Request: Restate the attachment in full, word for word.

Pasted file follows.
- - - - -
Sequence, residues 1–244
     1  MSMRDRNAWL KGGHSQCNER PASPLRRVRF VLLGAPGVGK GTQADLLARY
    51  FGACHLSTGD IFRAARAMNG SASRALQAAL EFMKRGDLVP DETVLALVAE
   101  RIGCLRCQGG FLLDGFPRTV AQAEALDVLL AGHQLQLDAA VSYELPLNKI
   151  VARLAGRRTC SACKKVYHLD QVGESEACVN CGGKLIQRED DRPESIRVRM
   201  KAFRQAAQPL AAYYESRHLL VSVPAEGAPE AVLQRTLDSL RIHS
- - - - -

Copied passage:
Sequence, residues 1–244
     1  MSMRDRNAWL KGGHSQCNER PASPLRRVRF VLLGAPGVGK GTQADLLARY
    51  FGACHLSTGD IFRAARAMNG SASRALQAAL EFMKRGDLVP DETVLALVAE
   101  RIGCLRCQGG FLLDGFPRTV AQAEALDVLL AGHQLQLDAA VSYELPLNKI
   151  VARLAGRRTC SACKKVYHLD QVGESEACVN CGGKLIQRED DRPESIRVRM
   201  KAFRQAAQPL AAYYESRHLL VSVPAEGAPE AVLQRTLDSL RIHS